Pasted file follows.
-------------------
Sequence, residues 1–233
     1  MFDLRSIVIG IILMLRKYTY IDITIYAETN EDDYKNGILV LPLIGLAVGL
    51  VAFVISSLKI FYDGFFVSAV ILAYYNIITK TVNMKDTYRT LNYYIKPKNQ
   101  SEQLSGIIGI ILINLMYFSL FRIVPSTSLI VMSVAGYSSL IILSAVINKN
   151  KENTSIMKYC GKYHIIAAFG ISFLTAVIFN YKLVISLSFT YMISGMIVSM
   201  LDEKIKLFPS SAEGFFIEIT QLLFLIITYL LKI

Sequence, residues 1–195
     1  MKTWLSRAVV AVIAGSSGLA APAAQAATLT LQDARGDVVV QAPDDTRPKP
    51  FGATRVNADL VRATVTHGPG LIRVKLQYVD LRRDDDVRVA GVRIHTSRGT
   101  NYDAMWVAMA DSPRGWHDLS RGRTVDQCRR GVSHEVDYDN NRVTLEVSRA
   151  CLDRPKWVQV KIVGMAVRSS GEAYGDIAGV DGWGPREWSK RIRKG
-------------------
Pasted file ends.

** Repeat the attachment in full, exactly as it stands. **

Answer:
Sequence, residues 1–233
     1  MFDLRSIVIG IILMLRKYTY IDITIYAETN EDDYKNGILV LPLIGLAVGL
    51  VAFVISSLKI FYDGFFVSAV ILAYYNIITK TVNMKDTYRT LNYYIKPKNQ
   101  SEQLSGIIGI ILINLMYFSL FRIVPSTSLI VMSVAGYSSL IILSAVINKN
   151  KENTSIMKYC GKYHIIAAFG ISFLTAVIFN YKLVISLSFT YMISGMIVSM
   201  LDEKIKLFPS SAEGFFIEIT QLLFLIITYL LKI

Sequence, residues 1–195
     1  MKTWLSRAVV AVIAGSSGLA APAAQAATLT LQDARGDVVV QAPDDTRPKP
    51  FGATRVNADL VRATVTHGPG LIRVKLQYVD LRRDDDVRVA GVRIHTSRGT
   101  NYDAMWVAMA DSPRGWHDLS RGRTVDQCRR GVSHEVDYDN NRVTLEVSRA
   151  CLDRPKWVQV KIVGMAVRSS GEAYGDIAGV DGWGPREWSK RIRKG